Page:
Zephyr squash, a cross between a yellow crookneck squash and a delicata squashacorn squash hybrid, has a distinctive appearance. It’s long and slender, and while the upper half is yellow, the blossom end is generally green. But its look isn’t the only special thing about it. Johnny’s Selected Seeds, the company that first bred it, describes its flavor as “unusually delicious” and “nutty.” Prepare this unique squash as you would common yellow squash or zucchini.

Mexicana squash

Mexicana Summer Squash

This gray-green Mexican zucchini is popular among growers for its high yields, ease of harvest, and strong disease resistance, but you’ll love it for its tender flesh and nutty flavor. Try sautéing it or tossing it on the grill!

Striped zucchini

Striped Zucchini

Did you know that not all zucchini look the same? They’re not pictured here, but golden zucchini are often available at farmers markets. You can identify them by their dark yellow skin and firm flesh.

Less common are striped zucchini, which include the Dario and Safari varieties (pictured above). With their white or light green stripes, these patterned squash are a treat to look at. Use them as you would regular green zucchini.

Round zucchini

Round Zucchini and Squash

These summer squash varieties go by many names. There’s yellow One Ball squash, green Eight Ball, and pale, striped Ronde de Nice. All of them are types of round zucchini or summer squash. Their shape makes them perfect for stuffing, but you can also grill, roast, or sauté them as you would regular zucchini.

Types of squash

More Types of Squash to Know

I’ve highlighted some of my favorite types of squash above, but there are still others that you might find at your market or store. Look out for…

Yellow Crookneck Squash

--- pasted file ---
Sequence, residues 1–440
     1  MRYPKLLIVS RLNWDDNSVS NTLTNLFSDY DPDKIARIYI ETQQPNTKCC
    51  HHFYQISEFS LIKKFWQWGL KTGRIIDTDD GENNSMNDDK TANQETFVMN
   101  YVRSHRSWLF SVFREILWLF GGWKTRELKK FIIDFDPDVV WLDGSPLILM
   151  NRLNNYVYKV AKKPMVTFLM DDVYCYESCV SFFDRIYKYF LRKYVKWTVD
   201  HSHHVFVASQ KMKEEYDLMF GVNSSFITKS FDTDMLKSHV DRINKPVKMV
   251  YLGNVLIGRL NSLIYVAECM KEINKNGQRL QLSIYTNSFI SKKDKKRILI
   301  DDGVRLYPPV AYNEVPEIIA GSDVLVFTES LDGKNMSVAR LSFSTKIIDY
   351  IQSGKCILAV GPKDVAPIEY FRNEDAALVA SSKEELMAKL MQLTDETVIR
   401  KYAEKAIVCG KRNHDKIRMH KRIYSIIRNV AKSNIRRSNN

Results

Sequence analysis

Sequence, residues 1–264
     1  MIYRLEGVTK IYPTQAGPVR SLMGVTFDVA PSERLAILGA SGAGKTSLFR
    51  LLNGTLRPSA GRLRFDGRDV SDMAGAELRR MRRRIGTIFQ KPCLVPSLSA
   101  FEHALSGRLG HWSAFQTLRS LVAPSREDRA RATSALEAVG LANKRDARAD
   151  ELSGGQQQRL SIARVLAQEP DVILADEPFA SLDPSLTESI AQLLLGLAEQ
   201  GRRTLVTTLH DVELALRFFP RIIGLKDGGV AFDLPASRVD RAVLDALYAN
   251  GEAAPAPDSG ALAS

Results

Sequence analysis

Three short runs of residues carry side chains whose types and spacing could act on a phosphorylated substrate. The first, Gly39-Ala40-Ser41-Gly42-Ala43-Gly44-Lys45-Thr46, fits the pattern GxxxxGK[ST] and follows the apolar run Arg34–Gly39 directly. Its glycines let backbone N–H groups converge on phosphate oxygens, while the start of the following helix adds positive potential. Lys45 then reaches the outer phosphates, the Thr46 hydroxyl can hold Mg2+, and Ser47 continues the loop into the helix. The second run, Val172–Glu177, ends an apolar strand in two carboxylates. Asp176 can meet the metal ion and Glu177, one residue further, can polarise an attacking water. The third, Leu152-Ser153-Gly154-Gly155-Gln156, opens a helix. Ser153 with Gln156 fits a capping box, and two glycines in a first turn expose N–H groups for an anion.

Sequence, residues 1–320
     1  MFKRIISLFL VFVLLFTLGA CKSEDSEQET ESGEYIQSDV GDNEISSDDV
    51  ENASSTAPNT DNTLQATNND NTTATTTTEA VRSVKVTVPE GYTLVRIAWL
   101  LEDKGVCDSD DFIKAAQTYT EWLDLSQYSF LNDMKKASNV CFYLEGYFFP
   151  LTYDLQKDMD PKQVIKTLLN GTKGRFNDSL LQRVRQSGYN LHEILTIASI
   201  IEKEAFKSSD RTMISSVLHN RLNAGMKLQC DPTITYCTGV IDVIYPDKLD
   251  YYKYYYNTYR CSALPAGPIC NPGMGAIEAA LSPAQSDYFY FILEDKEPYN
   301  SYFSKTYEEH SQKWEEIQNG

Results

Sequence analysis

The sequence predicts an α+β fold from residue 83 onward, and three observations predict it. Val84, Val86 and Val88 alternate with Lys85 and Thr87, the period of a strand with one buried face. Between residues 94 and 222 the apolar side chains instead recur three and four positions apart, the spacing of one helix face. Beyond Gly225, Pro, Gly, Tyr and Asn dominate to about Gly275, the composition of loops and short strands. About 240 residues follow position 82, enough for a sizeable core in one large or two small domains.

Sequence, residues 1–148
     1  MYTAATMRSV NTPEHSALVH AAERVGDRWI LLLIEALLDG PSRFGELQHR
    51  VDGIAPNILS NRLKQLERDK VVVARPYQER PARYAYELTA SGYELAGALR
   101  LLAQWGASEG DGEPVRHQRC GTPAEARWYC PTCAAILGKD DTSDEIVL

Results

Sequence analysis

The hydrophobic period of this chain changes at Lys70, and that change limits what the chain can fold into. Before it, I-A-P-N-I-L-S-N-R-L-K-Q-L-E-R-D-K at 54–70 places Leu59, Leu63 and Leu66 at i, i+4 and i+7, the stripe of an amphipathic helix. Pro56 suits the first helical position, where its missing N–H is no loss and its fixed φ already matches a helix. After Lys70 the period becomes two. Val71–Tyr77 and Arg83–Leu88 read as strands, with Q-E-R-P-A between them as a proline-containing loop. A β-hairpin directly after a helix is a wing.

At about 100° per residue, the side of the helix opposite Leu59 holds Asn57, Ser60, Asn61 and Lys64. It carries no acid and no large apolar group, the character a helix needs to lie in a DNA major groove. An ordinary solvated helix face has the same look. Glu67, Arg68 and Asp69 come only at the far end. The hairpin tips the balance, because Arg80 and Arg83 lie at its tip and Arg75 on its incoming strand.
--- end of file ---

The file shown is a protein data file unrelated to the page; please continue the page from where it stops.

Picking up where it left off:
You can recognize crookneck squash by its characteristic curved neck and bright yellow, bumpy skin. It has larger seeds than straightneck squash, but its firm flesh and rich, buttery flavor make it delicious nonetheless. Try it sautéed!

Chayote Squash

Many of the types of squash in this post look similar…not chayote squash! This pale green variety is shaped like a pear, and it has crisp, firm flesh not unlike that of a cucumber, though it’s also great cooked. Native to central Mexico, it shines in salads and sautés.

Costata Romanesco

This ridged, striped zucchini is an Italian heirloom variety. It has a nutty flavor and is excellent raw or cooked. Thinly sliced, it would be delicious in a simple zucchini salad.

Cousa Squash

Hailing from the Middle East, pale green cousa squash has a sweeter flavor than regular zucchini. The small squash are short, squat, and gently tapered from stem to blossom end. Left to grow larger, they become ovular, similar in shape to spaghetti squash. The small squash are perfect for stuffing, but you can also roast or sauté them like zucchini.

What are your favorite types of squash? Let me know in the comments!

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  1. LH

    The picture labeled Mexicana is really Cousa. I am Syrian and have been eating Cousa over 50 years.

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Photograph of Jeanine Donofrio and Jack Mathews in their kitchen

Hello, we're Jeanine and Jack.

We love to eat, travel, cook, and eat some more! We create & photograph vegetarian recipes from our home in Chicago, while our shiba pups eat the kale stems that fall on the kitchen floor.